He said part of the plan is to save $100 million dollars for future contingencies, “which are likely to happen given the uncertainty we have over the Delta variant.”

During the session, new judges will be selected to expand the Court of Appeals.

“I’m hopeful that we’ll figure out eight new people to elect to the Court of Appeals so that Virginians will have a right to appeal just like Americans do in every other state in the country in the federal legal system, and now that we’re all together in the same building again, it’s a lot easier to have conversations together and work things out,” Surovell said.

House and Senate Back in Capitol for the First Time Since March 2020

Although more Democrats than Republicans had masks, some legislators from both parties wore masks. When the Senate convened at noon, large plexiglass booths stood around each desk. Some senators decorated their boxes with stickers of birds and butterflies.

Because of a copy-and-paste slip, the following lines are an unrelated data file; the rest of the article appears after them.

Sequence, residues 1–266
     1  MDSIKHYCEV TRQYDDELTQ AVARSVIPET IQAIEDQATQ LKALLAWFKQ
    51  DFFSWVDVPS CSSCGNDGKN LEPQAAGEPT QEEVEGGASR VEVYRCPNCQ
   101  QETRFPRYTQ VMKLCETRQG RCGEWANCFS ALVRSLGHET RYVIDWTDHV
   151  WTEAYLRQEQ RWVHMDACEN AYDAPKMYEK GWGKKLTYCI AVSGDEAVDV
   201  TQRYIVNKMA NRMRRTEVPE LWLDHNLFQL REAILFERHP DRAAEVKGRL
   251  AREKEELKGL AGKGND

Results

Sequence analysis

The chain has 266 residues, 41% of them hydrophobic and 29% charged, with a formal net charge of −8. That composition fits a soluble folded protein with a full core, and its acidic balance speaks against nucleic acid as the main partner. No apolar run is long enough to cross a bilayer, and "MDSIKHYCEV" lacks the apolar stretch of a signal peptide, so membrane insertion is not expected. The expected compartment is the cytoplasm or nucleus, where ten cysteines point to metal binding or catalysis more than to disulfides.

When Senator Mamie Locke (D-Virginia Beach) was about to introduce a resolution, President of the Senate Lieutenant Governor Justin Fairfax joked, “I just want to note the Senator is speaking from a Locke box.”

Locke told him to keep his day job. Fairfax is in his final term as lieutenant governor.

When the House convened at noon, there were no shields on their desks, but midway through the afternoon, legislative staff added smaller plexiglass shields to each desk.

Demonstrations Outside the Capitol

Two groups stood outside the Capitol as legislators walked in. One was Service Employees International Union (SEIU) Virginia 512. Homecare worker Joy Barnes told The Star, ” We’re out here celebrating because they’re giving us premium pay and the rates that were due in January, we’re getting them now.”

SEIU Virginia 512 President David Broder said that homecare workers work under Virginia’s Medicaid program, which is under the authority of the General Assembly.

Broder said that in the Richmond area, homecare workers earn $10.50 an hour, but the 12.5 percent increase will raise that to almost $12 per hour. Barnes said she has been working two jobs, but the rate increase will allow her to work just one job.